“E.D. Hirsch has contributed what is to me the most persuasive idea of the past half century on how to improve the performance of American education,” writes Nathan Glazer in the Summer 2010 issue of Education Next. The idea is the importance of cultural literacy—the necessary information that students must have to understand what they read. After arguing, in Cultural Literacy (1988), that young people are not becoming good readers because they lack cultural literacy, Hirsch set out to remedy the problem by “spelling out, grade by grade, in detail, what students must know in a variety of fields if they are to be competent and understanding readers.” In addition to this Core Knowledge curriculum, Hirsch has launched a system of Core Knowledge schools to teach it and a Core Knowledge Foundation to support them.
In February, the Core Knowledge Foundation announced that it would work to align its curriculum with the Common Core standards currently being developed by the NGA and CCSSO, and that it would give away its curriculum sequence for free instead of charging for it, all in an effort to ensure that the common standards are supported by a curriculum to help interpret and implement them.
In a blog entry appearing on the Washington Post’s blog “Answer Sheet,” Hirsch today makes the case that the Common Core standards have the potential to revolutionize reading instruction. He writes
There is a way we can sail out of the reading doldrums.
The recently released English Language Arts Standards drafted by the National Governors Association Center and the Council of Chief State School Officers may provide desperately needed wind we need to move forward… Note the unusual title it carries: “Common Core Standards for English Language Arts and Literacy in History/Social Studies & Science.” The title shouts that language mastery requires knowledge of history, and science, (music and fine arts I hope will be included in due course) not just fiction and poetry. It states explicitly that these non-literary subjects should be generously represented in the long classroom hours devoted to literacy.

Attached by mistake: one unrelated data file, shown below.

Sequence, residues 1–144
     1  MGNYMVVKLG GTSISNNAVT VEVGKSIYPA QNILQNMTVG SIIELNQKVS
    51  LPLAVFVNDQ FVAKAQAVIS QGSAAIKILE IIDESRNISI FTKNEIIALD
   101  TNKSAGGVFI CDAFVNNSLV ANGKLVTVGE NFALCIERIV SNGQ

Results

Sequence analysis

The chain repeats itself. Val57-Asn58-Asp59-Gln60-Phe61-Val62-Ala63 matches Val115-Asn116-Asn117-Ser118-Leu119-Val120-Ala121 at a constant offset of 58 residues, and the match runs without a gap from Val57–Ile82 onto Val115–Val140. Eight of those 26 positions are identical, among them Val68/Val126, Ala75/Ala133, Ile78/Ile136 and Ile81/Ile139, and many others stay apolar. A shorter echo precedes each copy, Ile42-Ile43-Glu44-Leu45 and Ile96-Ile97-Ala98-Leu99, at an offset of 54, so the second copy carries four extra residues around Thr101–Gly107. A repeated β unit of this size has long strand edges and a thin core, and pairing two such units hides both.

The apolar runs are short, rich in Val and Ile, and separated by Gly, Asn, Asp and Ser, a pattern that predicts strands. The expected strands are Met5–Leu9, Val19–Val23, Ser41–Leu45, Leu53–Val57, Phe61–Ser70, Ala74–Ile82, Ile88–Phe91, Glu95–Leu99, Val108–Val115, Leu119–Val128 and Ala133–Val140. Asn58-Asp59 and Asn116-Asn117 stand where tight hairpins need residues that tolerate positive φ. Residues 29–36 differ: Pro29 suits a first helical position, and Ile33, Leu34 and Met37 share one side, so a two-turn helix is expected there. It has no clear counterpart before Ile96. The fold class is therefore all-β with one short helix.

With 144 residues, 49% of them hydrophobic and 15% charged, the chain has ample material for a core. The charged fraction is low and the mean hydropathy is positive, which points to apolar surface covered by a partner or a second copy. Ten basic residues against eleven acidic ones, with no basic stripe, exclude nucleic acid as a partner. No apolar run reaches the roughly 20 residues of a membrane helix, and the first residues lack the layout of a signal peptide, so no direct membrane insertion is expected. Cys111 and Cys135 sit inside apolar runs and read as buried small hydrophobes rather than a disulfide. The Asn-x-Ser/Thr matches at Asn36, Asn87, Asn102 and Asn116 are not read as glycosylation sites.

This emphasis on non-literary content is defended on the grounds that building “a foundation of knowledge in these fields will give [students] the background to be better readers in all content areas.”
That is an especially important consideration for the early grades, which now spend up to half the school day on literacy. Here is something new under the sun. It resists the infamous narrowing of the curriculum. And it is an important reform also for helping to overcome the test-score gap, which is essentially a knowledge gap, between racial and ethnic groups.
Transforming the elementary school “literacy block” into a rich, meaningful and sustained engagement with subject matter would be the single greatest transformation of instructional time in decades. If there is one Big Idea that can help arrest the decline of reading achievement in American schools, this is the one. To their credit, the authors of the Common Core standards have taken pains to get this right, and it is a master stroke.
In a new book, The Making of Americans, which Nathan Glazer reviews in the Summer 2010 issue of Ed Next, Hirsch more explicitly connects the idea of cultural literacy to the subject of civics—“the role of a common system of public schools in educating a citizenry to the level necessary to maintain a democracy.” According to Glazer, the book looks back at the ideals guiding the development of American publication and how we have moved away from them in recent decades.
As Hirsch explains, “This book concerns itself…with overcoming low literacy rates and narrowing the achievement gaps between demographic groups but places those themes within the broader context of the founding ideals of the American experiment, which have been a beacon to the world and ourselves.”
Nathan Glazer and Paul Peterson discuss E.D. Hirsch’s Cultural Literacy and The Making of Americans in a video here.